I stared at her. It was so obvious. The people behind us knew what was going on too, we all knew it. Everyone was tired too, and irritable, not falling for the disoriented senior bit and not apt to be forgiving for this transgression of etiquette. I stared at her, but she just looked past me, at Bert. Finally I turned to Bert, stepped aside a half-step and said, loudly, “Would you like to come in here, sir?” That got Bert’s attention. He stepped in, and offered me a mini-bottle of Chardonnay. I declined, and started taking notes.

The airline queue is the great equalizer, the one situation where gender and race and creed and even age don’t matter; everyone is treated the same. You’re old? So are a dozen other people standing behind you. You’ve got a flight to catch? So does everyone else. Yours is right away? So was the Dutch woman’s, and you didn’t see her cutting in line. One would hope that a pregnant woman might get different treatment in the airport queue, but I didn’t see any pregnant women at the Heathrow line, and so can’t confirm.

Is it being Canadian that prompted my cynically polite tolerance? Or was I just too tired to fight? In my analysis, it was thus: the antagonism that would have been necessary to tell this old couple to go to the back of the line was not worth the negative vibe it would have brought to me, at that moment, after seven hours on a plane and forty minutes in a lineup.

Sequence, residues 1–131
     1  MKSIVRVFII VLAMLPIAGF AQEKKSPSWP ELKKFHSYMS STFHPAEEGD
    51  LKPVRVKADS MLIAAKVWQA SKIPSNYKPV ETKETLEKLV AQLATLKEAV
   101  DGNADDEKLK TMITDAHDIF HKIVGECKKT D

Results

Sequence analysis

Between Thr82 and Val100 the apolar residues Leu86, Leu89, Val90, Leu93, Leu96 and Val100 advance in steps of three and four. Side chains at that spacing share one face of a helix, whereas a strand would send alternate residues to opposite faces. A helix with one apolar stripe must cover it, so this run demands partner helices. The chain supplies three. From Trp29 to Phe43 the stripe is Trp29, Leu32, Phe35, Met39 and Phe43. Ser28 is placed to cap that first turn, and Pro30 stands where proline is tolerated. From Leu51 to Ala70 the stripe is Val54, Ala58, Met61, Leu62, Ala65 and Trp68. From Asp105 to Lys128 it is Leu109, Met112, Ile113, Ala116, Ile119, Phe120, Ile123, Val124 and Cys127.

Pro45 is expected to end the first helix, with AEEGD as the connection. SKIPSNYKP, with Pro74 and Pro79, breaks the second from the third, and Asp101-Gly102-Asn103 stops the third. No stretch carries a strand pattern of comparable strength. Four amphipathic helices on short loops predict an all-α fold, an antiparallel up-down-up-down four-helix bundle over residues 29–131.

But not twice, dammit. A moment later a trio of small elderly Indian women dressed in saris tried to cut in just behind us. The first one went to pass me, perhaps thinking her diminutive stature was small enough to slip beneath my radar. I threw and elbow out there and she made some sounds about having a plane to catch. I shook my head and said, loudly, that we had just let the people in front of us in line and we weren’t about to do it again. The fellow behind us wasn’t having any either; if their situation was urgent, he said, they should locate an official, and not simply try cutting in line.

They wound up just behind him, though, and I’ve no reason to think the folks who did let the Indian women jump the queue were Canadian or any other nationality. They were just people like me, willing to let the rules get bent out of either sympathy or a desire to avoid confrontation, sine we are unavoidably all in this together. G.

3 comments:

T said...

Graeme, Trish: good luck in Africa from your friends at the Yukon News.
TQ

Casabooboo said...

That's the Canadian way, G-Mac. An elbow to the chops followed by an apology.

mw said...

Damn line cutters!

Sarah and I are enjoying the posts. Keep 'em coming.

Mark